Vigilant Blog

News, trends and analysis in employment law, HR, safety & workers' comp

Nov 30, 2011

USERRA 5-year limit on military leave is longer than you think


Most of us know that employees who leave work to serve in the military may be gone for up to five years and still have a right to be reemployed.

Most of us know that employees who leave work to serve in the military may be gone for up to five years and still have a right to be reemployed. What may surprise you, though, is that the five years can be extended. As our military force draws down, veterans across the country will be seeking to return to civilian jobs. Before you reject a returning veterans application for reemployment on the basis of exceeding the five-year limit under the Uniformed Services Employment and Reemployment Rights Act (USERRA), check your math. Here are just a few examples of time away from work that dont count against the five-year limit:


  • Service beyond five years that the military requires to complete an initial period of service. For some specialized jobs, the training is so extensive that the military requires new recruits to serve more than five years.
  • Inability by the employee, through no fault of their own, to obtain orders releasing them from service within five years.
  • Periodic National Guard and Reserve training, or other training time that the military certifies as necessary for the employees professional development or to complete skill training or retraining.
  • Involuntary active duty in wartime, national emergencies up to 24 months, times of crisis, and operational missions up to 270 days. Surprise! This may mean that some or all of your employees time in Iraq or Afghanistan doesnt count.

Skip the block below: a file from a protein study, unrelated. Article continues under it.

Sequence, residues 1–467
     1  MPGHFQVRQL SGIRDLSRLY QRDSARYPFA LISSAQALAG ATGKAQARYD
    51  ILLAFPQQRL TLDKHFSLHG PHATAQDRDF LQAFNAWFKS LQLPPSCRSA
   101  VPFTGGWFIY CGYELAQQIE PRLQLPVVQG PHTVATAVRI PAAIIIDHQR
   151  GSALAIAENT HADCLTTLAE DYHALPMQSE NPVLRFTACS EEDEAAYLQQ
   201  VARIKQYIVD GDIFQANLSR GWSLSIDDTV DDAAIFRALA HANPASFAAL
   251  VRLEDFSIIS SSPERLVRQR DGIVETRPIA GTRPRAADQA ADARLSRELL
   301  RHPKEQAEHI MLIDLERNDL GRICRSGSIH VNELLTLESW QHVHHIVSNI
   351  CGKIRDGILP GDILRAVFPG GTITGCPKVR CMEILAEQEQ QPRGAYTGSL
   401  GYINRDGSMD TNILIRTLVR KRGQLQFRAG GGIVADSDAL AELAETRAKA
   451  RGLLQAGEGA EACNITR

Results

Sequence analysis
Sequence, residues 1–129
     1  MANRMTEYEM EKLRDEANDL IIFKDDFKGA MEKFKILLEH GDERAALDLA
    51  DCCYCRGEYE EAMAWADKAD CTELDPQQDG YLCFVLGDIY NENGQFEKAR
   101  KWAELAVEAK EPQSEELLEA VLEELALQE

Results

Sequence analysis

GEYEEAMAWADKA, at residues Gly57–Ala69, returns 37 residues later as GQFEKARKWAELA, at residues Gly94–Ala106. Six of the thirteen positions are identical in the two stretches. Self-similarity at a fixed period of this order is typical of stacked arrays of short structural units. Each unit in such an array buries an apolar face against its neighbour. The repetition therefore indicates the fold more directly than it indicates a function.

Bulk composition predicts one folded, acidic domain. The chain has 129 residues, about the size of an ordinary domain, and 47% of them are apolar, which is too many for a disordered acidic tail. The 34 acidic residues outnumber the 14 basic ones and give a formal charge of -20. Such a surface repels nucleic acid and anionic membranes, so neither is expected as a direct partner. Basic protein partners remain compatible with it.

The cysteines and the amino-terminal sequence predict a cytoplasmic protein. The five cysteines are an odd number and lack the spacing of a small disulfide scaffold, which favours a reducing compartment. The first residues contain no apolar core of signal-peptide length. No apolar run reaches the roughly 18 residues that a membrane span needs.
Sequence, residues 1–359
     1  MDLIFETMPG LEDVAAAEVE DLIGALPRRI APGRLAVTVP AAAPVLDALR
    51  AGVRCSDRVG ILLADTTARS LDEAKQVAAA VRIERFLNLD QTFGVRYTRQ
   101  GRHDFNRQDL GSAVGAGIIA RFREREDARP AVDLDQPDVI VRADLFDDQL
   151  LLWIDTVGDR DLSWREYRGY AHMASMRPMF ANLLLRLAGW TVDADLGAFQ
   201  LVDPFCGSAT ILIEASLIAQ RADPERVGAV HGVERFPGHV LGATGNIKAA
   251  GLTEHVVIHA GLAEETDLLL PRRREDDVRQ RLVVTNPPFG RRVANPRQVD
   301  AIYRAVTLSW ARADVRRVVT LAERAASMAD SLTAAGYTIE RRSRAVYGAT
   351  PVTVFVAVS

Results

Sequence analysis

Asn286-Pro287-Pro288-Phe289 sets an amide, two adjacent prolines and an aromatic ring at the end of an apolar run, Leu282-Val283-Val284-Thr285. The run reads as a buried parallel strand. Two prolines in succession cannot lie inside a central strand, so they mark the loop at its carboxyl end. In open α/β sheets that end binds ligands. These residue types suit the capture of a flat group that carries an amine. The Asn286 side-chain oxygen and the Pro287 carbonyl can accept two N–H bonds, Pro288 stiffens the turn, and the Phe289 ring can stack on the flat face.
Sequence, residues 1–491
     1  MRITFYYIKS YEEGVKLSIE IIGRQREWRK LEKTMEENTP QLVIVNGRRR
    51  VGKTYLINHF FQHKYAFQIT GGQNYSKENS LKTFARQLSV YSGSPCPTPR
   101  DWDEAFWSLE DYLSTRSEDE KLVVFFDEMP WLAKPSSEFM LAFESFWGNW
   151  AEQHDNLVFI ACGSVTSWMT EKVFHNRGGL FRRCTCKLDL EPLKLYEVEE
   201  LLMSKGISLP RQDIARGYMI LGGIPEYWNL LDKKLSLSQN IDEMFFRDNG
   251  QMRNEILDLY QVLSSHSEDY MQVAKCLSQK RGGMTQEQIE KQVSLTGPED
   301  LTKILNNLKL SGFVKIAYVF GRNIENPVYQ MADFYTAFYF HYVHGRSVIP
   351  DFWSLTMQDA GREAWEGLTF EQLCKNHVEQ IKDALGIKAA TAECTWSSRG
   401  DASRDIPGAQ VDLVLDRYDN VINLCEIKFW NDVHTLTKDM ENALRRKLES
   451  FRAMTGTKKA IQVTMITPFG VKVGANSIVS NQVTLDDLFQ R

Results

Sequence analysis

• Transition time between civilian employment and military service. This isnt defined for the period between leaving work and joining the military, but depending on the situation, a week or more might be reasonable. For the period after military service ends, the individual must apply for reemployment within a specified period of time (up to 90 days depending on the length of service, or up to two years if the employee is recovering from a service-related injury or illness). None of this transition time counts.


So how can you be sure what time to count when an employee is away from work for military leave? First, ask for the starting and ending dates of their military service. Next, upon their return, ask for a copy of their military orders. Make a note of the statutes cited in the orders (e.g., 10 U.S.C. 12301(a)). Then compare to the USERRA regulations at 20 CFR 1002.103, which lists the types of service that are exempt from the five-year limit.


For military leave thats OK to count against the five-year limit, the calculation is cumulative for each individual employer. So, you can add up the total amount of military leave time with your company. Once an individual exceeds the maximum, then they dont have any special rights under USERRA but instead are subject to the same policies that apply to your other workers.

The U.S. Department of Justice is actively enforcing returning veterans reemployment rights, as indicated in recent press releases announcing settlements with a Lowes hardware store in Oregon and James J. Williams Bulk Service Transport Inc. in Washington. For more information on military leaves of absence, see our Legal Guides, At a Glance: Veterans Employment Rights Under USERRA (5375) and Veterans Employment Rights Law (774).

This website presents general information in nontechnical language. This information is not legal advice. Before applying this information to a specific management decision, consult legal counsel.